Wednesday October 16, 2019

WHO Warns A Rise In The Number Of Measles Cases

They also warn the spread of falsehoods and misinformation.

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A health worker vaccinates a toddler against measles in Rio de Janeiro, Brazil. VOA

The World Health Organization (WHO) warns a spike in the number of measles cases globally is putting hard won progress toward the elimination of this highly contagious, deadly disease at risk.

Measles immunizations have saved more than 21 million lives globally since 2000. But, unveiling a new report, the World Health Organization says multiple outbreaks of this killer disease since 2016 have caused an estimated 110,000 deaths in all regions of the globe.

In addition, WHO’s director of immunization, vaccines and biologicals, Martin Friede, says there has been a very worrying jump of more than 30 percent in reported measles cases worldwide.

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Two sick children wait for treatment after being admitTed to a hospital in Agats, Asmat District, after the government dispatched military and medical personnel to the remote region of Papua to combat malnutrition and measles, Indonesia. VOA

“We are seeing sustained measles transmission in countries that had previously not seen measles transmission for many years. So, the countries had eliminated measles, but it has now been re-established in the country. This is very worrying. This suggests that we are actually regressing in certain cases,” Friede said.

The report finds the Americas, the eastern Mediterranean region, and Europe have experienced the greatest surges in cases, with the western Pacific the only region where the number of cases has fallen.

But, it notes the biggest increases continue to be in areas with low immunization coverage where measles is endemic. For instance, the report finds a two-fold rise in cases of the disease in Africa.

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A vial of measles, mumps and rubella vaccine and an information sheet is seen at Boston Children’s Hospital in Boston, Massachusetts, Feb.26, 2015. VOA

Health officials attribute the growth of measles cases to a sense of complacency, especially in industrialized countries where the disease has not been seen for many years.

Also Read: Europe Suffers From A Severe Measles Outbreak

They also warn the spread of falsehoods and misinformation, such as the debunked link between measles vaccinations and autism, discourages many parents from immunizing their children against the disease. (VOA)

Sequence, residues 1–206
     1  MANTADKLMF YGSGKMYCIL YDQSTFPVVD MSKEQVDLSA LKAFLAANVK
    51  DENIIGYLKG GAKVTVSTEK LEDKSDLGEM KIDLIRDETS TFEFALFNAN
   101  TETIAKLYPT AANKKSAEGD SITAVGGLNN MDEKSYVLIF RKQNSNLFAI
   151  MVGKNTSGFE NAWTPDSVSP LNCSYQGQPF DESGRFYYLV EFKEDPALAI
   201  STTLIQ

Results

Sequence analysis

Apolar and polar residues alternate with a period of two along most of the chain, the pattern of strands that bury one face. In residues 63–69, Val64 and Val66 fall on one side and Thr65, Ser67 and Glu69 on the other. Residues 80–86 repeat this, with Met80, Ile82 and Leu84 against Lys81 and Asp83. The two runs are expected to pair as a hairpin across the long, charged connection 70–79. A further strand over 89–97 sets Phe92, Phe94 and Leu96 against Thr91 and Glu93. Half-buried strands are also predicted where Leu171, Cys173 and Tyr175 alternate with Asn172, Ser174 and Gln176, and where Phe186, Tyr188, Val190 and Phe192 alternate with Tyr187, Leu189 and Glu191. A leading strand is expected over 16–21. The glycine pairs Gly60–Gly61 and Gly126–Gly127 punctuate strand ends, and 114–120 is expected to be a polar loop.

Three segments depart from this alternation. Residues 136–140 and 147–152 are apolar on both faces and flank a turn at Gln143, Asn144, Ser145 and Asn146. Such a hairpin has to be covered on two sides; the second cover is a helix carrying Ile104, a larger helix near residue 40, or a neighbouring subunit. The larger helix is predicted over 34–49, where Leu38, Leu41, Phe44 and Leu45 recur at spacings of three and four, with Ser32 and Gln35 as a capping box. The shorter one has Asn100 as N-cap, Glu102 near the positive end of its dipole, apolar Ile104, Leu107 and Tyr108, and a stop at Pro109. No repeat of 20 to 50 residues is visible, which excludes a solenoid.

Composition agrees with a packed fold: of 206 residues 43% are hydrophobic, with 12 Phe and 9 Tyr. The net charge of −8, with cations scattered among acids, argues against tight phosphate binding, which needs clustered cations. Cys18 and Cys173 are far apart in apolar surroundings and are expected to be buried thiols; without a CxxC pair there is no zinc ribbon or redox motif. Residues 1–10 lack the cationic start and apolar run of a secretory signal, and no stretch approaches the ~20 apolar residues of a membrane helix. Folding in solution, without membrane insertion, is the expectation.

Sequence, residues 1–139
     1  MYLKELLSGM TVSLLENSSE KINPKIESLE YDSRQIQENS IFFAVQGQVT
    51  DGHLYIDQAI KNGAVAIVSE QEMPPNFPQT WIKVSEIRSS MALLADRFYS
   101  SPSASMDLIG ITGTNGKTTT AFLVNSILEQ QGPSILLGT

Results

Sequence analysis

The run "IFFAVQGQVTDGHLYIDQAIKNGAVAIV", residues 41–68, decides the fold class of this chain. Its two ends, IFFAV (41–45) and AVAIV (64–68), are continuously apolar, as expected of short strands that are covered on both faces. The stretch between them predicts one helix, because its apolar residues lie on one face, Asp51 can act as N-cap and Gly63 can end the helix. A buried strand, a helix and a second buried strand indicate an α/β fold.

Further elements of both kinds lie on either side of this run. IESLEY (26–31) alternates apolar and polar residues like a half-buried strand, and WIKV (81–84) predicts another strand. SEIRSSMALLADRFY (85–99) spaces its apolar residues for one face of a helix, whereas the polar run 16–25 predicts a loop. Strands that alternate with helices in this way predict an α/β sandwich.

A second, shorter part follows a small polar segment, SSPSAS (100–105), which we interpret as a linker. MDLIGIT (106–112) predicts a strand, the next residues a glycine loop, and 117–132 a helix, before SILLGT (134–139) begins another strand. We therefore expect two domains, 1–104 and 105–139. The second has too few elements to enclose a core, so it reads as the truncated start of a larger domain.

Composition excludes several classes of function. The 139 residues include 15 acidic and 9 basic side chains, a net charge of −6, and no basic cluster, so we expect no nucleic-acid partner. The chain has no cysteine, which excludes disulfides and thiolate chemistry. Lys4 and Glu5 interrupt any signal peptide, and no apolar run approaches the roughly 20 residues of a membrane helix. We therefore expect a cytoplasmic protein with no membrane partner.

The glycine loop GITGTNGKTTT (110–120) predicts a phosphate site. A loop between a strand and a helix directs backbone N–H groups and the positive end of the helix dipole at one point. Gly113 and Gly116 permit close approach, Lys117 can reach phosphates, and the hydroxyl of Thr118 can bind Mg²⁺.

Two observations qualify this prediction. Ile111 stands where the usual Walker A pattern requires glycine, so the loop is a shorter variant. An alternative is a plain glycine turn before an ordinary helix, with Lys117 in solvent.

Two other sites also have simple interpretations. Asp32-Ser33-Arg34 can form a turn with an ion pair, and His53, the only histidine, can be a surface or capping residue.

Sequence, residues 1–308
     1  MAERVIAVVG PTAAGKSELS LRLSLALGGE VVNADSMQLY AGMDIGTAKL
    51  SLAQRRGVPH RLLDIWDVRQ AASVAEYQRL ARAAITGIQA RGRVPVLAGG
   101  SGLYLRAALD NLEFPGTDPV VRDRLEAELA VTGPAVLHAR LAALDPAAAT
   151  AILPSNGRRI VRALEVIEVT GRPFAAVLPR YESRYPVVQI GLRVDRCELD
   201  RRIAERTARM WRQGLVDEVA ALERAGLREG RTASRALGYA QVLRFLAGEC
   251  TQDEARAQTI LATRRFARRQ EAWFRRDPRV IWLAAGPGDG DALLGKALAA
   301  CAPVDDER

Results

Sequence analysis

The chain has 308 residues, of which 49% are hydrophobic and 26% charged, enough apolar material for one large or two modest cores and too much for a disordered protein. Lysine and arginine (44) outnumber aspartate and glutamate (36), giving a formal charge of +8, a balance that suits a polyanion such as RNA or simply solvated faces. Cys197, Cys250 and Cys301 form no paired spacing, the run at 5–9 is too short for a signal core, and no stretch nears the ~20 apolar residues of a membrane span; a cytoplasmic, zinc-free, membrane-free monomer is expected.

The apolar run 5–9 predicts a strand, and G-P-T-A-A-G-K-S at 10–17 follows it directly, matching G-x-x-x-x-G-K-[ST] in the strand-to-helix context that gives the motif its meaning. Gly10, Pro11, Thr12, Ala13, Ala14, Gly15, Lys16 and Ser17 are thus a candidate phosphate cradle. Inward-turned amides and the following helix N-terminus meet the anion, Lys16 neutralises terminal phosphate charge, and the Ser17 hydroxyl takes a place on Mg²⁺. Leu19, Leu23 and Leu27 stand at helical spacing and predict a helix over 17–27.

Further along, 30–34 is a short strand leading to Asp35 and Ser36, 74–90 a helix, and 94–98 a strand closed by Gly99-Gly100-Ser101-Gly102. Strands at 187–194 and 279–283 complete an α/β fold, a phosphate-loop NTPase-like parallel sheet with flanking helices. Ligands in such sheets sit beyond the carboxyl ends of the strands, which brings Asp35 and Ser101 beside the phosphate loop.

Next Story

WHO Reports Progress in Containing Ebola Outbreak in Eastern Democratic Republic of Congo

It is impossible to predict where the outbreak is going to go next, said Ryan.

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The executive Director of WHO Health Emergencies, Michael Ryan, says he is largely optimistic that aid workers are getting control of the Ebola outbreak in eastern Congo. VOA

The World Health Organization reports progress in containing the Ebola outbreak in the eastern Democratic Republic of Congo, but says many challenges to its elimination remain.  WHO reports the number of cases in the outbreak now stands at 3,207, including 2,144 deaths.

The executive Director of WHO Health Emergencies, Michael Ryan, says he is largely optimistic that aid workers are getting control of the Ebola outbreak in eastern Congo.  But, he says, it is impossible to say the outbreak is over.

“It is not.  It is impossible to predict where the outbreak is going to go next,” said Ryan. “But… I do–I would stand over the fact that we have significantly contained the virus in a much smaller geographic area.  Now we have to kill the virus.  The problem is, it is back in areas that are deeply insecure.”

In fact, the virus has come full circle.  Ryan notes the disease has moved from Butembo and other urban areas to the remote, rural town of Mangina, the epicenter of the outbreak.  He says the virus is back where it began when the Ebola outbreak was declared August 1, 2018.

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But, he says, it is impossible to say the outbreak is over. Pixabay

“So, essentially the virus is back in the same zone,” said Ryan. “So, the factors that allowed that virus to transmit at low intensity for a number of months, have not changed.  Deep insecurity, reticence amongst the population, distrust and many other factors continue to make this a very dangerous situation.  But a situation, for which I believe we are making significant progress at this time.”

Ryan says WHO is increasing the scale of its operation, engaging in active surveillance across North Kivu province and actively seeking new cases and tracing contacts to keep the virus from spreading.

He says more than 230,000 people have been vaccinated against the deadly disease and more lives are being saved among people infected with the virus who are coming to the treatment centers.

He says the fatality rate among the nearly 800 patients currently in Ebola treatment units is less than one third – a significantly better outcome than the two-thirds fatality rate reported for the disease overall.

Also Read- One in Five People in Conflict-Affected Areas Live with Mental Health Condition

Still, this is the biggest Ebola outbreak in Africa since the epidemic across three West African countries in 2014 killed more than 11,000 people. (VOA)